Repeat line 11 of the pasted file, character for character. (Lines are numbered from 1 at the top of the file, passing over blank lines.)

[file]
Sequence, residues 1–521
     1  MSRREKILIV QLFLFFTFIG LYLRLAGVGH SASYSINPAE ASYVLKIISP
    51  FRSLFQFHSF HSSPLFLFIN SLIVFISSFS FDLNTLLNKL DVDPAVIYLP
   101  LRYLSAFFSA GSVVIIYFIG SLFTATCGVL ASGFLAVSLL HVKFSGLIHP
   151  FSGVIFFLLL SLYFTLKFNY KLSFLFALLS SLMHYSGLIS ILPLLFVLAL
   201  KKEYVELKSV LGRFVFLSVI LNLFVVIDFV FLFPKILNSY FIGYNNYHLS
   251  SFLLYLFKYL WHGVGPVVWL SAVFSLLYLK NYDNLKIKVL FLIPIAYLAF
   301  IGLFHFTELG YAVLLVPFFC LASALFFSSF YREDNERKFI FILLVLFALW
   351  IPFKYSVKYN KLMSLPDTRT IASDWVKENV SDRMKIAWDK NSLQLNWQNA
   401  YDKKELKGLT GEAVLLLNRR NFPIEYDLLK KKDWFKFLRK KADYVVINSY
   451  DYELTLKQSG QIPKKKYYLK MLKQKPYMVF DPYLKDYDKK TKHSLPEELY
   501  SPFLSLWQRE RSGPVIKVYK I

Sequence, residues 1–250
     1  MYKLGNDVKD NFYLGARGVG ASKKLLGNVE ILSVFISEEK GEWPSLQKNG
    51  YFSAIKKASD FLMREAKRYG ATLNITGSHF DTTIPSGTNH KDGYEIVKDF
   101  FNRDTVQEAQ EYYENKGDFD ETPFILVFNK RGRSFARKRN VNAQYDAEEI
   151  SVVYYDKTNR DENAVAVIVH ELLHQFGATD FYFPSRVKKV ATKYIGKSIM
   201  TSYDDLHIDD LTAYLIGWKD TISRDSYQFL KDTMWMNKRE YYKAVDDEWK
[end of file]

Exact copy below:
   451  DYELTLKQSG QIPKKKYYLK MLKQKPYMVF DPYLKDYDKK TKHSLPEELY